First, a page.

Please include a $25 reading fee. Checks should be made payable to New Issues Press.
Postmark Deadline: September 30, 2014. The winning manuscript will be named in January 2015 and published in the spring of 2016.

The 2014 New Issues Poetry Prize
$2,000 and publication for a first book of poems
Judge: to be determined

Guidelines:
Eligibility: Poets writing in English who have not previously published or self-published a full-length collection (48+ pages) of poems.
Please include a $20 reading fee. Checks should be made payable to New Issues Press.
Postmark Deadline: November 30, 2014. The winning manuscript will be named in May 2015 and published in the spring of 2016.

General Guidelines:
Submit a manuscript at least 48 pages in length, typed on one side, single-spaced preferred. Photocopies are acceptable. Please do not bind manuscript. Include a brief bio, relevant publication information, cover page with name, address, phone number, and title of the manuscript, and a page with only the title.
Enclose a stamped, self-addressed postcard for notification that the manuscript has been received. For notification of title and author of the winning manuscript enclose a stamped, self-addressed envelope. Manuscripts will be recycled.

A manuscript may be submitted that is being considered elsewhere but New Issues should be notified upon the manuscript’s acceptance elsewhere.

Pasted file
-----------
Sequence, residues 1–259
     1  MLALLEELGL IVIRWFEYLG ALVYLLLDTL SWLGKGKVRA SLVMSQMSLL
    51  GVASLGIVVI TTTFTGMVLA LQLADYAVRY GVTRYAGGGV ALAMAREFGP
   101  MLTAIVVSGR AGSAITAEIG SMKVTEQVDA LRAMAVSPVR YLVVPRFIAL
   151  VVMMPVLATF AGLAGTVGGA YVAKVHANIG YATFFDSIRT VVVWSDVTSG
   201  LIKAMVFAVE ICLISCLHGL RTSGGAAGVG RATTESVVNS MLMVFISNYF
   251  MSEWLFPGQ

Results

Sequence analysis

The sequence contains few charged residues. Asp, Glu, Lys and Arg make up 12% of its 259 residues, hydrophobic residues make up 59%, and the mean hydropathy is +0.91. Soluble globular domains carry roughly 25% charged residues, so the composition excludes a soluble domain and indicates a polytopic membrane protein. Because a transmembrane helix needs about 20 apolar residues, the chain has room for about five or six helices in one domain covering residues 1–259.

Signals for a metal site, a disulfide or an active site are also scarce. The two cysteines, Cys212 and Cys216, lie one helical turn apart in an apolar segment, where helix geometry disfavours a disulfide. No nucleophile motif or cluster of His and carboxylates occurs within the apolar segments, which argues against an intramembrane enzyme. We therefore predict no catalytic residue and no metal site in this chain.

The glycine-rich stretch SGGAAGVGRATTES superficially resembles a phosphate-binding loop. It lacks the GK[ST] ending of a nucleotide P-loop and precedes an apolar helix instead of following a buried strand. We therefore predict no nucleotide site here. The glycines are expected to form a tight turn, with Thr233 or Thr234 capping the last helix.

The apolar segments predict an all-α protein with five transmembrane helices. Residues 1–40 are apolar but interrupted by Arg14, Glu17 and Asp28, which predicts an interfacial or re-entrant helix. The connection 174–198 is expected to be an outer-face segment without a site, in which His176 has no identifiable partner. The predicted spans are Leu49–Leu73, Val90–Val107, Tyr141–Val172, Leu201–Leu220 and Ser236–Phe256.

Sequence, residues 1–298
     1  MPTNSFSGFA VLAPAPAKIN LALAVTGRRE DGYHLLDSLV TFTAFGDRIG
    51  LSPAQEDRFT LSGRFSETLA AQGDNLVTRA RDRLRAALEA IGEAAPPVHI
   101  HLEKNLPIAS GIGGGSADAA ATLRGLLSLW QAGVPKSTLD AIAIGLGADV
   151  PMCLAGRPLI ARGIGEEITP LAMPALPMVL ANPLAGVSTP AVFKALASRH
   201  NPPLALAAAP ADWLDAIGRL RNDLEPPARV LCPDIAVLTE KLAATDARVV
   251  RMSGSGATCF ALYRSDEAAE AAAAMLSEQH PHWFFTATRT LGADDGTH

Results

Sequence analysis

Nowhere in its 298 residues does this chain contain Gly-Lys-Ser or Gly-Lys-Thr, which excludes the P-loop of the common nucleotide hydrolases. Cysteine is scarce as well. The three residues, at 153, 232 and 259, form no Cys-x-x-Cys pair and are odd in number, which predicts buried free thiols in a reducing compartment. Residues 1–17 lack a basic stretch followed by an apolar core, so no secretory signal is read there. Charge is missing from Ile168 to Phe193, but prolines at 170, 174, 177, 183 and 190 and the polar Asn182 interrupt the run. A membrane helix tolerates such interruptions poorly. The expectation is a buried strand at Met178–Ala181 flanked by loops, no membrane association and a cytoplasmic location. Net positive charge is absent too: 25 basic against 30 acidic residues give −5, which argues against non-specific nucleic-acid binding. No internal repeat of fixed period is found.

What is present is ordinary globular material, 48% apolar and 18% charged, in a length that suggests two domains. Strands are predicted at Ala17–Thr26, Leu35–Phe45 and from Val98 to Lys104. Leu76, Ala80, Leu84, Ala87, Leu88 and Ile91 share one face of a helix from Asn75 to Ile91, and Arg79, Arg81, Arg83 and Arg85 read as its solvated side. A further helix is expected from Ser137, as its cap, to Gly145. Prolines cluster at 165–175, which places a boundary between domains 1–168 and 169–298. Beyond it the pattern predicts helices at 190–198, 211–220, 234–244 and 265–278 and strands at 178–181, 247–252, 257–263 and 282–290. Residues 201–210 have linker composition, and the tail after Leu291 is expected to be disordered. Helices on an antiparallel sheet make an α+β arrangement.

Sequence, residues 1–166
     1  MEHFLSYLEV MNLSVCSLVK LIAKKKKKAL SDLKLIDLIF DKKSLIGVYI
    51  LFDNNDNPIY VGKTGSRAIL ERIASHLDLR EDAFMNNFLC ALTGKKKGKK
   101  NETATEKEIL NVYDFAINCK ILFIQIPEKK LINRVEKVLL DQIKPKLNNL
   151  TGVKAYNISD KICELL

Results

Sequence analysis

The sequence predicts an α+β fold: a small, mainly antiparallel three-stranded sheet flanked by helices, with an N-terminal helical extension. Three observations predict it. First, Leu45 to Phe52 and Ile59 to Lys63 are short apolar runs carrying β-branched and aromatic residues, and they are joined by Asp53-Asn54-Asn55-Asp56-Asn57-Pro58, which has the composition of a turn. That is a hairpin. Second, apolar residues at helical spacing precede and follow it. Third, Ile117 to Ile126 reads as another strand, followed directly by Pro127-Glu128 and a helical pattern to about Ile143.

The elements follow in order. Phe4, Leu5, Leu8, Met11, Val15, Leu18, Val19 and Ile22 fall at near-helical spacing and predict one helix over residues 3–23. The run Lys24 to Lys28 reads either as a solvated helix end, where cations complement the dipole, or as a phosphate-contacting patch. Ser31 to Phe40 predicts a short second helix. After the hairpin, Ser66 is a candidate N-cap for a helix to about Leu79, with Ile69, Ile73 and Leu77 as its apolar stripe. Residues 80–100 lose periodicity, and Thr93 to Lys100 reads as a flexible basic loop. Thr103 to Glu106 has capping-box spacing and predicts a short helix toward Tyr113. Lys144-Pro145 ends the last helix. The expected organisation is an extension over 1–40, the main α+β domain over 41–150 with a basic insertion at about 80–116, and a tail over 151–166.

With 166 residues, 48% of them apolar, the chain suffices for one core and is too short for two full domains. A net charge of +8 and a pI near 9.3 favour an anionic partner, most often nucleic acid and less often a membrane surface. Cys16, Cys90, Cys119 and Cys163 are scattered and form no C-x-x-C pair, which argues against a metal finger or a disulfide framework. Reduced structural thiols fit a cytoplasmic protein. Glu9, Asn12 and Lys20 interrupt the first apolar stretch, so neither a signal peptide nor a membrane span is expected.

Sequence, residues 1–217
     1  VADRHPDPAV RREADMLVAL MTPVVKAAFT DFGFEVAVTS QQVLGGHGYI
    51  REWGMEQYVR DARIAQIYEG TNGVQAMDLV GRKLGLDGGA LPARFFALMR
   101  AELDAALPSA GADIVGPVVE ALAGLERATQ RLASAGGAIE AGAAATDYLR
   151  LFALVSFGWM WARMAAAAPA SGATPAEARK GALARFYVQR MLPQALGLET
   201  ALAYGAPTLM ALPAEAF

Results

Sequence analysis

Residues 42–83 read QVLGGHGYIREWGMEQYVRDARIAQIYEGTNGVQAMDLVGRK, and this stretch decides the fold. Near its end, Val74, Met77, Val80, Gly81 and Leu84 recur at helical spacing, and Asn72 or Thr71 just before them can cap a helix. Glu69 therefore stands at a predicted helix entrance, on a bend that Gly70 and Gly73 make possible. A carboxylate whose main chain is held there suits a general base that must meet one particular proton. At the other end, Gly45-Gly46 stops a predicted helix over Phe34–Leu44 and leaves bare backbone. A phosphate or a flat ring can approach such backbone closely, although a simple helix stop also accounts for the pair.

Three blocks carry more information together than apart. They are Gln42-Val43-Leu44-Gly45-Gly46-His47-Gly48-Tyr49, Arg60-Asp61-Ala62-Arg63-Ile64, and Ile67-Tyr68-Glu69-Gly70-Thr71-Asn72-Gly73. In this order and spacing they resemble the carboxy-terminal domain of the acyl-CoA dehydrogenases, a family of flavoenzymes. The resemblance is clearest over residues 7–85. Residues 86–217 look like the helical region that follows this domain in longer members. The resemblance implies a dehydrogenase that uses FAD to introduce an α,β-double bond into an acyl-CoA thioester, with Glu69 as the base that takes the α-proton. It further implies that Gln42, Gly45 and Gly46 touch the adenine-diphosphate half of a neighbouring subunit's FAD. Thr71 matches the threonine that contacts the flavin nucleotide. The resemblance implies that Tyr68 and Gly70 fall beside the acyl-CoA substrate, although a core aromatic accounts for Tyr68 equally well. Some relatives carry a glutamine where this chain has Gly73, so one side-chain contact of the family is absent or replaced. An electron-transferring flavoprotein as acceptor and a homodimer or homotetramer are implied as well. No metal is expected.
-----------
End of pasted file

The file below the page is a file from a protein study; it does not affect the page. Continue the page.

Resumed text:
Send manuscripts and queries to:

The New Issues Poetry Prize
(or) The Green Rose Prize
New Issues Poetry & Prose
Western Michigan University
1903 West Michigan Ave.
Kalamazoo, MI 49008-5463

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12. Short Fiction Competition: Boston Review

Submit online.

Deadline: October 1, 2014
Judge: Ruth Ozeki


Prize: $1,500

 
Complete guidelines:
The winning author will receive $1,500 and have his or her work published in the July/August 2015 issue of Boston Review. Runners up may also be published. Stories should not exceed 5,000 words and must be previously unpublished. Mailed manuscripts should be double-spaced and submitted with a cover note listing the author’s name, address, and phone number. No cover note is necessary for online submission. Names should not appear on the stories themselves. Any author writing in English is eligible, unless he or she is a current student, former student, relative, or close friend of the judge. Simultaneous submissions are not permitted, submissions will not be returned, and submissions may not be modified after entry. 


A non-refundable $20 entry fee, payable to Boston Review in the form of a check or money order or by credit card, must accompany each story entered. All submitters receive a complimentary half-year subscription (3 issues) to Boston Review. 

Submissions must be postmarked no later than October 1, 2014. The winner will be notified in the spring of 2015 and publicly announced by July on the Boston Review Web site.

Please enter online using our contest entry manager. This requires payment using a credit card.


Or mail submissions to:
Short Story Contest, Boston Review
PO Box 425786
Cambridge, MA 02142

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13. All About the Climb

Runners are constantly climbing. It’s in our nature to always have a goal we’re working towards, always wanting to push ourselves to do better. Whether it be chasing new PR’s, challenging yourself to expand your race distance range, or even after we’re past our ‘PR-PR’ years, redefining the times and bests (weekly, yearly, masters, etc.) bests.